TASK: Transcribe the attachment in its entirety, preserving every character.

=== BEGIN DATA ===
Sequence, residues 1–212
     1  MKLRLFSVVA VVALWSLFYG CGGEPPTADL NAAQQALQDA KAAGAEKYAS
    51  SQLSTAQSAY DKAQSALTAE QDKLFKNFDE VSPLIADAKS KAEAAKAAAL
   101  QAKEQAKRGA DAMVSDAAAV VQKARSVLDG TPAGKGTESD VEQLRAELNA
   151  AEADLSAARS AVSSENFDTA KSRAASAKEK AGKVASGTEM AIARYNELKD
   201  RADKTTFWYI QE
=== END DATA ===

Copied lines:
Sequence, residues 1–212
     1  MKLRLFSVVA VVALWSLFYG CGGEPPTADL NAAQQALQDA KAAGAEKYAS
    51  SQLSTAQSAY DKAQSALTAE QDKLFKNFDE VSPLIADAKS KAEAAKAAAL
   101  QAKEQAKRGA DAMVSDAAAV VQKARSVLDG TPAGKGTESD VEQLRAELNA
   151  AEADLSAARS AVSSENFDTA KSRAASAKEK AGKVASGTEM AIARYNELKD
   201  RADKTTFWYI QE